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This is the code I am using. As suggested I have added the headers for content type and disposition.

header('Content-Disposition: attachment');
header('Content-Type: application/octet-stream');

$con = mysql_connect("localhost","root","admin");
if (!$con)
  die('Could not connect: ' . mysql_error());

mysql_select_db("acl_cake", $con);

$result = mysql_query("select * from attachments");

while($row = mysql_fetch_array($result))
echo '<a href="'.$row[2].'" target="_blank">Download</a>--'.$row[3].'<br>';


Prior to addition of headers, I would have a few links available on the webpage. Whenever I would click one of them, a new page is opened and content in that file is displayed in the new page.

Now after adding the headers, whenever I load a page, I get a popup which asks me to download my form rather than the file.

If I have the content-disposition:attachment; filename='file.txt', then on page load there is a pop up to download the file "file.txt", and none of the links are displayed onto the webpage.

I am not sure if I have made a mistake with something.

I am not sure if I have made a mistake with the headers.

share|improve this question
Why has this been voted down so much? –  Fiona Taylor Gorringe Oct 8 '10 at 14:29
Probably because the explanation is not clear. I guess. –  GôTô Oct 8 '10 at 14:32
and he use spits rather than display :o –  bangbambang Oct 8 '10 at 14:37
yes, +1, the question is poorly worded. –  Raoul Duke Oct 8 '10 at 14:38
I have edited my question, I hope this explanation is a little better than the one I have earlier. Thank you! –  macha Oct 8 '10 at 14:54

3 Answers 3

up vote 3 down vote accepted

you need to send the content-disposition header to force a download

header("Content-Disposition: attachment; filename=\"my.file\"");

also set the content type explicitly:

header('Content-Type: application/octet-stream');
share|improve this answer
No offense, but what's the point in escaping double quotes when you can use single ones? –  fabrik Oct 8 '10 at 14:29
Hm, I just copied this code from a google search because I couldn't remember exactly so there's no point really :) –  Raoul Duke Oct 8 '10 at 14:30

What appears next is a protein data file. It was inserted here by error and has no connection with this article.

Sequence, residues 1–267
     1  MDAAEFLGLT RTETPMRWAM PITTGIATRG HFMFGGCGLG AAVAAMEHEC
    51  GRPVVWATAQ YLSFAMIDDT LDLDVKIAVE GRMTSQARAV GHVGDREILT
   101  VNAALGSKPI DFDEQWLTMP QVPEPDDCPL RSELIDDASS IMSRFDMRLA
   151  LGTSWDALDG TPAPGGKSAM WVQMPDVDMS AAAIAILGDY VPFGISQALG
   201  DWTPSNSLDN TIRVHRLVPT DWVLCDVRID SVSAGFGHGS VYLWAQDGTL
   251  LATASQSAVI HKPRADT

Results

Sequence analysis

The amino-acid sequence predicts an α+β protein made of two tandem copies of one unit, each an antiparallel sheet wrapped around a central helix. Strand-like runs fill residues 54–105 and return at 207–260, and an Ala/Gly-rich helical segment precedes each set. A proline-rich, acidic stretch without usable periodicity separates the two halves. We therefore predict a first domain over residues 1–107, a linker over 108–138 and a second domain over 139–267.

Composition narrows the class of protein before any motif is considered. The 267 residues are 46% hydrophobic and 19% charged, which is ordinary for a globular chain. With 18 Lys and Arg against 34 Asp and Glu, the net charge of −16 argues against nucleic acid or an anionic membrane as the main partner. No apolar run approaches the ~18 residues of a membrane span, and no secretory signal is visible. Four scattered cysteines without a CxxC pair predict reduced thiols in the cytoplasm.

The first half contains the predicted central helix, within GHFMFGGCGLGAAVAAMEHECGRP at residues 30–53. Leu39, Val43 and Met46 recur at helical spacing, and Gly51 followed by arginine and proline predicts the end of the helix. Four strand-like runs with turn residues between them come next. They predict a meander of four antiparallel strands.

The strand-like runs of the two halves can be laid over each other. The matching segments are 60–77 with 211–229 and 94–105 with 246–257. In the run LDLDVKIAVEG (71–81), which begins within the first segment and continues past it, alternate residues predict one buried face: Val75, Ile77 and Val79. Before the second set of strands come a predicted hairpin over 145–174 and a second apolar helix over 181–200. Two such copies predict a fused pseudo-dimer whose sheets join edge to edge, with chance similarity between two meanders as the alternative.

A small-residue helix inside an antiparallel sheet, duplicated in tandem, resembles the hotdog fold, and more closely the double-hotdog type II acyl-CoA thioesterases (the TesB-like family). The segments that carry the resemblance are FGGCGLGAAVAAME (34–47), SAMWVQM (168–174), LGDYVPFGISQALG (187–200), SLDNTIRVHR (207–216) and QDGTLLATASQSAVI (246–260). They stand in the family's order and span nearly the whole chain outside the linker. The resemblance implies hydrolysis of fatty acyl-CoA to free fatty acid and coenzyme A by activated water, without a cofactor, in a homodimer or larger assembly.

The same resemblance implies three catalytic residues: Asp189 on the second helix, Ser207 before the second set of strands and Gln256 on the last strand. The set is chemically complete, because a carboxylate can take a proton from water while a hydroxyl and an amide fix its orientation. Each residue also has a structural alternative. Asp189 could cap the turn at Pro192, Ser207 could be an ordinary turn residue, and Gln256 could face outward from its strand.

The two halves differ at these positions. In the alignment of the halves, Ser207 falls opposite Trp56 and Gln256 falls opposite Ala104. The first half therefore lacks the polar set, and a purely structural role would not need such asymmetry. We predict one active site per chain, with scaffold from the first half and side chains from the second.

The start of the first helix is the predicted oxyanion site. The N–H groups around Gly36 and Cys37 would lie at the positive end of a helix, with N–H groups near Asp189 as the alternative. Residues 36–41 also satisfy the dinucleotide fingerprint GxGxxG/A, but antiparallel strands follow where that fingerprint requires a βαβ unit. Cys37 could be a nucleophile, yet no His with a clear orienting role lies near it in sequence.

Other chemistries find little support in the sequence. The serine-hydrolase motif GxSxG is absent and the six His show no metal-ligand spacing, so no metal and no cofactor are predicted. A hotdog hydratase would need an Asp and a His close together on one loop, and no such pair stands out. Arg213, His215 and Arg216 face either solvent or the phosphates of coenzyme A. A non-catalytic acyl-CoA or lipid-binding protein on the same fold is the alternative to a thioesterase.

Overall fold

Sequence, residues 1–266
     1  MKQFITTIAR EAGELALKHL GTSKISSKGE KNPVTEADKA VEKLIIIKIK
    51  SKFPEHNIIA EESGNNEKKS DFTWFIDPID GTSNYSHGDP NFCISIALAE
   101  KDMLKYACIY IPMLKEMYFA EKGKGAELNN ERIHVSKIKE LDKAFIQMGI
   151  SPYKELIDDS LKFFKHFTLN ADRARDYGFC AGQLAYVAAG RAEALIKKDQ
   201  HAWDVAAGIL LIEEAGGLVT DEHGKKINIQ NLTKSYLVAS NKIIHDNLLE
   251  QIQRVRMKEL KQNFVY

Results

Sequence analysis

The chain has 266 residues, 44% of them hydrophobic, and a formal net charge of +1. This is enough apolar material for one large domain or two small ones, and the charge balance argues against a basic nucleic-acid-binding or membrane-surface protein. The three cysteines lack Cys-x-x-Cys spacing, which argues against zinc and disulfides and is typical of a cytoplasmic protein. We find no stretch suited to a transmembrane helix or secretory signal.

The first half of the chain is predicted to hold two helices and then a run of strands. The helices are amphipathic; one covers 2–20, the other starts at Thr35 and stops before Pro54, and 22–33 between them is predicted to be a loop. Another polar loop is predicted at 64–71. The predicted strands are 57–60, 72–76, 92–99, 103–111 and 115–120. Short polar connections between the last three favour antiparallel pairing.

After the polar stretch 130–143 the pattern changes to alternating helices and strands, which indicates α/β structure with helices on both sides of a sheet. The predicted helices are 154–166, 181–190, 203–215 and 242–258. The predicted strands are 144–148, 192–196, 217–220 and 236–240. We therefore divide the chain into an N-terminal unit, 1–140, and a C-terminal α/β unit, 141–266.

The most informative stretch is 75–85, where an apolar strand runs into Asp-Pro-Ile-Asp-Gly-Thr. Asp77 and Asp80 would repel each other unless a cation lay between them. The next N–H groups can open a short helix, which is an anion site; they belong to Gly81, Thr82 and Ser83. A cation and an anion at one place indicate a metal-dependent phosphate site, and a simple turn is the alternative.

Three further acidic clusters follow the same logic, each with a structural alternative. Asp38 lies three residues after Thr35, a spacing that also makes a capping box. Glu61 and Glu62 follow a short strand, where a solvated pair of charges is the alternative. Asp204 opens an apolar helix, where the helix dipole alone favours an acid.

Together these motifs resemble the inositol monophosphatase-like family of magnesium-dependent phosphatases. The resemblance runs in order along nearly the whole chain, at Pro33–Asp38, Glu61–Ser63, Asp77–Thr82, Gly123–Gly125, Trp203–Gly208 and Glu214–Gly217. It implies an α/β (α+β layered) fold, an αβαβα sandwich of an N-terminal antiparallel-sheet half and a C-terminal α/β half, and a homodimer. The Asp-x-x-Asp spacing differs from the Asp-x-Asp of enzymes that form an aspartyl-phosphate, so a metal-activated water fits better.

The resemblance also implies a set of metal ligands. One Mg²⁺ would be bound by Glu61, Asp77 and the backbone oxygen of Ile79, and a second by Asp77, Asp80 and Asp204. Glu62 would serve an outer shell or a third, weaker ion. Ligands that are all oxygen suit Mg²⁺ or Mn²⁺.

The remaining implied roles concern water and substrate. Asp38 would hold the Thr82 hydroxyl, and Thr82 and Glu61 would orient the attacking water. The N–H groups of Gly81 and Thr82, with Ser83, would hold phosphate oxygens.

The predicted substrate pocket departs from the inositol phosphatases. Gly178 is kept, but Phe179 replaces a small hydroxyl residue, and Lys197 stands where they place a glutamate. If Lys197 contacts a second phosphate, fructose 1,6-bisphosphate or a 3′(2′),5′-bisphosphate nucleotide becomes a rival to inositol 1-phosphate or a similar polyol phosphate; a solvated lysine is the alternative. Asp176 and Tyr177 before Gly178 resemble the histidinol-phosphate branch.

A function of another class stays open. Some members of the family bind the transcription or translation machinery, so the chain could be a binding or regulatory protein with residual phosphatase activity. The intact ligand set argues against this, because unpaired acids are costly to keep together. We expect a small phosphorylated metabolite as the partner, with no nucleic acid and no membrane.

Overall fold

headers should be placed at the start of the file isn't it? how would I get the filename then?? Is it optional or essential? –  macha Oct 8 '10 at 14:33
Allright then. I'm always uncertain about what's the correct method. –  fabrik Oct 8 '10 at 14:33
@fabrik - double-quotes cause variables included in the string to expand; single quotes don't. So if filename is being pulled in from an input or some other piece of code, rather than hard-coding, double-quotes are the way to go. See php.net/manual/en/… for clarification. –  EmmyS Oct 8 '10 at 14:36

Add header Content-Disposition: attachment. See http://apptools.com/phptools/force-download.php

share|improve this answer

if i understand you right, you wan't to give your users a link to download a text-file. if so, you can do this by setting an application/octet-stream-header for this file (e.g. using php).

note: in most cases, i think you shouldn't do this. it't the users choice how to deal with files that can be opened by the browser, and if the user wan't to download such files, hea can easily configure his browser to to this or that.

share|improve this answer
! I added this header "header('Content-Type: application/octet-stream');" at the top. But whenever I load the page, I get a pop up which lets me download the page. I am not sure what I am making a mistake with. –  macha Oct 8 '10 at 14:43

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